Google is getting into the broadband network business, at
least on a small scale.
The company has been pushing the FCC to require higher
baseline speeds as part of the national broadband plan, but has decided to take
the do-it-yourself approach.
The company announced Wednesday (Feb. 10) that it would
build fiber-to-the home network test beds in various locations, delivering 1
gigabit per second to some 50,000 customers at what it called a
"competitive" price, with the goal of multiplying that customer base
Setting itself up as something of a private industry variant
of the government entities--NTIA, USDA--seeking bids for broadband stimulus
build-out funds, Google is soliciting RFI's (request for information) from municipalities
across the country who would like to have the network built there.
The RFI was issued Wednesday and cities and communities will
have until March 26 to respond.
"We've urged the FCC to look at new and creative ways
to get there in its National Broadband Plan, and today we're announcing an
experiment of our own," said the
Google is essentially looking to demonstrate the type of
network it has argued is needed to handle all the killer apps and the HD video
that will be the currency of the broadband world.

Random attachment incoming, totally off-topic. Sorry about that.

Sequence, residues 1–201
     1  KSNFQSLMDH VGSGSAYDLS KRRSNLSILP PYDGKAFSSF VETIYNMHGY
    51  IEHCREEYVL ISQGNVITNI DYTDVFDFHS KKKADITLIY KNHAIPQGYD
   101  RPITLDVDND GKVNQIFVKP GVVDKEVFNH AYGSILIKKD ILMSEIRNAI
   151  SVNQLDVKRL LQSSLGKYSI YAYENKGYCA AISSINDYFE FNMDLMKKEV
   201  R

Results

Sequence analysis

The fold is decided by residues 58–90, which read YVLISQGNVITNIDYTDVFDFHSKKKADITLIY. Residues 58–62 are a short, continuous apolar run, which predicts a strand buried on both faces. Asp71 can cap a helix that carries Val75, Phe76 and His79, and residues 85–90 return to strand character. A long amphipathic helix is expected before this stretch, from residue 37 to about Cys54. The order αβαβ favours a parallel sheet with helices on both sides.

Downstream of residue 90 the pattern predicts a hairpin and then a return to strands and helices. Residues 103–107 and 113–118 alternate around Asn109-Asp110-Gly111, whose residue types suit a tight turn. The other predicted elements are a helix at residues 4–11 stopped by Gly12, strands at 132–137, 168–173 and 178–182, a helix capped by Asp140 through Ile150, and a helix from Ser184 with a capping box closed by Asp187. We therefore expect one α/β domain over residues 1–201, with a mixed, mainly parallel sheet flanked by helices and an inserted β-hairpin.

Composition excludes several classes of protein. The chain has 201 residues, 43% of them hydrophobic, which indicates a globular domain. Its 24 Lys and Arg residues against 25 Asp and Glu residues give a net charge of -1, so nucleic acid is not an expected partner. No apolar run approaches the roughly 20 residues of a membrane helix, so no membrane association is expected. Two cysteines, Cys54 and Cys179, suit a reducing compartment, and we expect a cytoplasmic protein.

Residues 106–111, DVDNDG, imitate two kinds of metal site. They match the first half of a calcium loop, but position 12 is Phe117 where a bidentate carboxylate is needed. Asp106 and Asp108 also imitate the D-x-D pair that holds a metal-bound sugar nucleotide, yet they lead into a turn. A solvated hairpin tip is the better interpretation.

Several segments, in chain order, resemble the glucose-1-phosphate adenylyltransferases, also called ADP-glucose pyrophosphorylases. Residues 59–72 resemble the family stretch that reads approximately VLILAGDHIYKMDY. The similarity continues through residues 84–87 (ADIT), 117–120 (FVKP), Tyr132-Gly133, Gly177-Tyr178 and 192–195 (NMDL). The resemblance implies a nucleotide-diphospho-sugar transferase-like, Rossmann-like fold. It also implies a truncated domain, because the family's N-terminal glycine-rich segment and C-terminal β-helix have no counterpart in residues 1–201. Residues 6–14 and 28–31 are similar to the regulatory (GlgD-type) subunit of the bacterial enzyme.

The company says it will give application developers a place
to put those bandwidth-hungry apps, provide lessons learned from building fiber
networks and, in a nod to its support for network neutrality, says it will be
an "open access" network, with choice of multiple providers and
managed in an "open, nondiscriminatory and transparent way."
Google launched a WiFi network in its hometown of Mountain View, Calif.,
in 2006, and said Wednesday this would be a similar kind of test for wired
"Google's project will show the benefits of the open
access model, where the owner of the network offers third parties the ability
to provide services over their infrastructure," said the Open Internet
Coalition in a statement. "Additionally, Google will operate its network
on a neutral basis, embracing net neutrality as an operating principle. We hope
this will serve as an example to other network operators that the open model
should not be feared, but should be emulated. Profit and openness are mistakenly
seen to be in conflict; in fact we believe they are synergistic and amplifying."
broadband creates big opportunities," said FCC Chairman Julius
Genachowski in response to the Google announcement. "This significant
trial will provide an American test bed for the next generation of innovative,
high-speed Internet apps, devices, and services. The FCC's National Broadband
Plan will build upon such private-sector initiatives and will include
recommendations for facilitating and accelerating greater investment in
broadband, creating jobs and increasing America's global competitiveness."
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